It's just past sunset in Kelly Lee Owens' London apartment, and she's palming a crystal while examining a pair of pigeons in the twilight when she's asked about “Bird,” a kalimba-infused track from her eponymous 2017 album. To Owens, it's a coincidence that gives meaning to an otherwise mundane moment. These sorts of serendipitous events, she says, occur to her "all day, every day.” But they’re not exclusive to her. Coincidences happen all around us, Owens insists, if only we look and make use of them. “Like anything, when you're open to it, it arrives,” she adds. “They're there for everyone; we just have to keep our heart and mind wide open.”
From humble indie-rock beginnings, the 29-year-old Welsh producer has become a techno-pop darling, remixing works by St. Vincent and Jenny Hva and earning the attention of Björk, who featured Owens on a 47-minute mix. Fashion house founder Alexander McQueen even used her track "Arthur" in a runway show. It’s been a big few years for Owens, and these have been undeniably big moments in her early career. But she still relishes the little things and gets a rush of joy each time she imbues small stuff with significance.
Take, for example, the hypnotic kalimba melody that sprinkles over “Bird” like a sun shower. Owens didn’t go out of her way to get her hands on a thumb piano — she found it in her friend’s studio, took it to a quiet rehearsal room, and recorded a sample on her iPhone. Meanwhile, the song’s title refers to a couple of birdsong samples she discovered and distorted into the track’s two other most prominent features, a droning bass line and effervescent hi-hats.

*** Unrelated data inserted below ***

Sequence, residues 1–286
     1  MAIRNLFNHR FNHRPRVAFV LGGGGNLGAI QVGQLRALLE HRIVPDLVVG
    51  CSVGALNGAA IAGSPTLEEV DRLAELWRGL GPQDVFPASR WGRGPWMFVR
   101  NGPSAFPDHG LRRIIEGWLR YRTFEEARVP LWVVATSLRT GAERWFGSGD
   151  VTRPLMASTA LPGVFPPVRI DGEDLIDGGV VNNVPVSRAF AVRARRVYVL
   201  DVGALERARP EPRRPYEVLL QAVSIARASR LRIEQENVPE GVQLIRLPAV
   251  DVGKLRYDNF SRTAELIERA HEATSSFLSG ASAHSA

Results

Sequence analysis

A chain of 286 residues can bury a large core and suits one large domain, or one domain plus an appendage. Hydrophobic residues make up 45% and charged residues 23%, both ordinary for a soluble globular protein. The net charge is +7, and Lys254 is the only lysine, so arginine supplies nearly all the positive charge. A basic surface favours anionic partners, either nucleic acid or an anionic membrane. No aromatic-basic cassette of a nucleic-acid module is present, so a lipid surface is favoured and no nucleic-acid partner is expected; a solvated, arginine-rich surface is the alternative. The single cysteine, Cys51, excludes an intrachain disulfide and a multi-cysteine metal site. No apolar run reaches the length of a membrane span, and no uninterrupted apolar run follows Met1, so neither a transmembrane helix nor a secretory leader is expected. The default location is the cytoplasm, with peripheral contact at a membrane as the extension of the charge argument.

Then there’s the sizzling backdrop to Owens’ 2016 track “Oleic,” which, to the astute ear, sounds just like a prawn cracker melting in a bowl of hot soup.
“That's not going to inspire everyone,” Owens admits, “but when I heard that sound, it got me so excited. It's about being open to being excited about the tiny things. The mundanities excite me. There's beauty and potential in everything. You just have to stop and look.”
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Owens' rise from indie rock bassist to standout female producer is largely the result of her openness to influence and inspiration from her environment and the people inhabiting it. While working as an auxiliary nurse in a cancer hospital, her patients — many of them terminally ill — encouraged her to get out and do what she truly wanted to do. That was about decade ago. Owens began to immerse herself in music, organizing local festivals and taking a gig at a record store. She hadn’t yet delved into the electronic scene but slowly found the light through indirect guidance from Björk (who, she recalls, fiddled through the record store’s techno collection) and the immediate mentorship of Daniel Avery.
When Owens left the hospital, she carried with her an energy that infuses her most recent album with a convalescent quality. “I didn't know when I was writing songs how I could relate what I did in a hospital, helping people in that way, to music,” she says. “I thought... they were so separate.” But ever since she released her debut album, “this word ‘healing’ kept coming back to me.” She gets messages from fans and comments from press about her album as a sort of therapy, with its currents, hypnotic rhythm, resonant bass, and otherworldly vocals.
Never one to shrug off a suggestion from the universe, Owens says she’s grown increasingly interested in this aspect of her music and has begun digging deeper to discover what there is to find and apply to her future work. “The mystery excites me,” she says, “as well as the mundanities.”